On August 24, something uncanny happens – an opportunity is lost. It’s the last day students are able to drop a course and receive a full refund.
This trend continues weekly, making September 14 the last day students can expect to receive any sort of financial compensation for a dropped class. It all happens rather quickly, and many remain unaware of the need for prompt judgment when it comes to deciding whether or not they should stay enrolled in a particular course.
This time last year, I was the student that took too long to make the decision.
I took Pre-Calculus, which fulfilled a UCC requirement, but was a higher level class than I needed as a journalism and English major. To make a long story short, the course load was daunting, I was worried about my GPA, and I considered dropping. However, I considered my options for too long and missed the refund deadline.
So how can students decide, in a timely manner, whether or not a class is right for them? I believe some basic logic is in order.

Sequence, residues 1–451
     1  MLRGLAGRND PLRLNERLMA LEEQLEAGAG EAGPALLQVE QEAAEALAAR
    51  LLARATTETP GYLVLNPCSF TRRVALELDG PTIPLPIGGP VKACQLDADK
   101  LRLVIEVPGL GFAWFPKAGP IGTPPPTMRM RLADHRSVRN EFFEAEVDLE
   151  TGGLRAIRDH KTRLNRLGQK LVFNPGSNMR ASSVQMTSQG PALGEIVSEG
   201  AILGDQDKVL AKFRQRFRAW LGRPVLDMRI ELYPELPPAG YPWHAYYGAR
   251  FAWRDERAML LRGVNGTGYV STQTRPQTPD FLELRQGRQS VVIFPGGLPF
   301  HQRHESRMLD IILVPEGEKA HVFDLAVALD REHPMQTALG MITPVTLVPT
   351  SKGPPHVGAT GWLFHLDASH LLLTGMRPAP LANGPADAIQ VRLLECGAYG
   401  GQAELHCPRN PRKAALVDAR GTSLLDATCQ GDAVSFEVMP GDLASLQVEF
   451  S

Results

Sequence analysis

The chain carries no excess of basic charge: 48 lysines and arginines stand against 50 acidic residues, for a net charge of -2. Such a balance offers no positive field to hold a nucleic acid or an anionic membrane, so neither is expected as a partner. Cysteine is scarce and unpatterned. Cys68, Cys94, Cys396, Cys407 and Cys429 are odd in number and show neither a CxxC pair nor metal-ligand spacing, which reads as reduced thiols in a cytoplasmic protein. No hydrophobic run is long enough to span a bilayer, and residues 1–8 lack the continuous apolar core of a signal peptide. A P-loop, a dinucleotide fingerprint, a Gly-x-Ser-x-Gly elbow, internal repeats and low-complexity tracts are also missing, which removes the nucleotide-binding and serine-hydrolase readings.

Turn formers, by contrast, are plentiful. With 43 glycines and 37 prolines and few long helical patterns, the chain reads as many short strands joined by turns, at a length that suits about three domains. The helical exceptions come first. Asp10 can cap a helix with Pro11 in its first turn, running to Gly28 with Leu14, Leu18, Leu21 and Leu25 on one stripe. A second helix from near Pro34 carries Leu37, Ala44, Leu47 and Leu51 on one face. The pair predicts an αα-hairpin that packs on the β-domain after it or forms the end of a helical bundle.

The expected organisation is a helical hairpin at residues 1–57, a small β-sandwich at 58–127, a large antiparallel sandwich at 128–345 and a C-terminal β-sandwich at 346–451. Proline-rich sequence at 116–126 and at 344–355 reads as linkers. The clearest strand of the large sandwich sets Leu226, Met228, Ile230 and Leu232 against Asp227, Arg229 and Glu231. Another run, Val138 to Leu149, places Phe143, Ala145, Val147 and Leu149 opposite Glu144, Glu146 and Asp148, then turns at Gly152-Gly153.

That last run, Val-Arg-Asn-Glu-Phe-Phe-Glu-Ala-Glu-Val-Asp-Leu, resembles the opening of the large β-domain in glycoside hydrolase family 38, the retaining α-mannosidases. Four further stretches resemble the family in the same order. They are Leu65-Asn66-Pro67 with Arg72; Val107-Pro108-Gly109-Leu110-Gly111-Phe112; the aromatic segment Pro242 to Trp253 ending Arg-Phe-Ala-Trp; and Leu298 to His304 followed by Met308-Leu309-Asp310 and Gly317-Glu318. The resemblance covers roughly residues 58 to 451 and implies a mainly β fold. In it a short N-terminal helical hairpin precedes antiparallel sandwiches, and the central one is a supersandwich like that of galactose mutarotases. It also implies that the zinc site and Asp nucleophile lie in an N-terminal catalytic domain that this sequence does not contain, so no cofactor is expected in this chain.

Firstly, do you need the class?
No? Drop it.
But let’s say you DO need the class. If it’s a part of the university’s curriculum or your major’s requirements, you probably have to take it regardless of whether or not you actually like or think you need the course.
So don’t drop it.
However, you can also look to see if there are any other classes you can take within the UCC or your major’s curriculum that will fulfill the same requirements but interest you more.
If that’s the case, you can drop.
If you do end up dropping a class, where do you go from there? Can you afford losing those credit hours? If not, check if there are other classes available that fit your schedule and fill a requirement – or at least interest you a lot. However, make sure you’re sure you do indeed want those classes or you’ll end up back at the beginning, possibly wishing you were in the class you had originally dropped.
What I suggest is, unless you’re losing sleep over the issue, buckle down and take the class. If you’re like me, you’re going to “think long and hard” about it, lose your money and waste your time – probably not the best path. Hindsight is 20/20… but I digress.
And you don’t want to have to pick up a summer class. Those aren’t fun.
But if you’re honestly worried to death for your GPA or mental health, then drop. But don’t hesitate and end up on the losing end.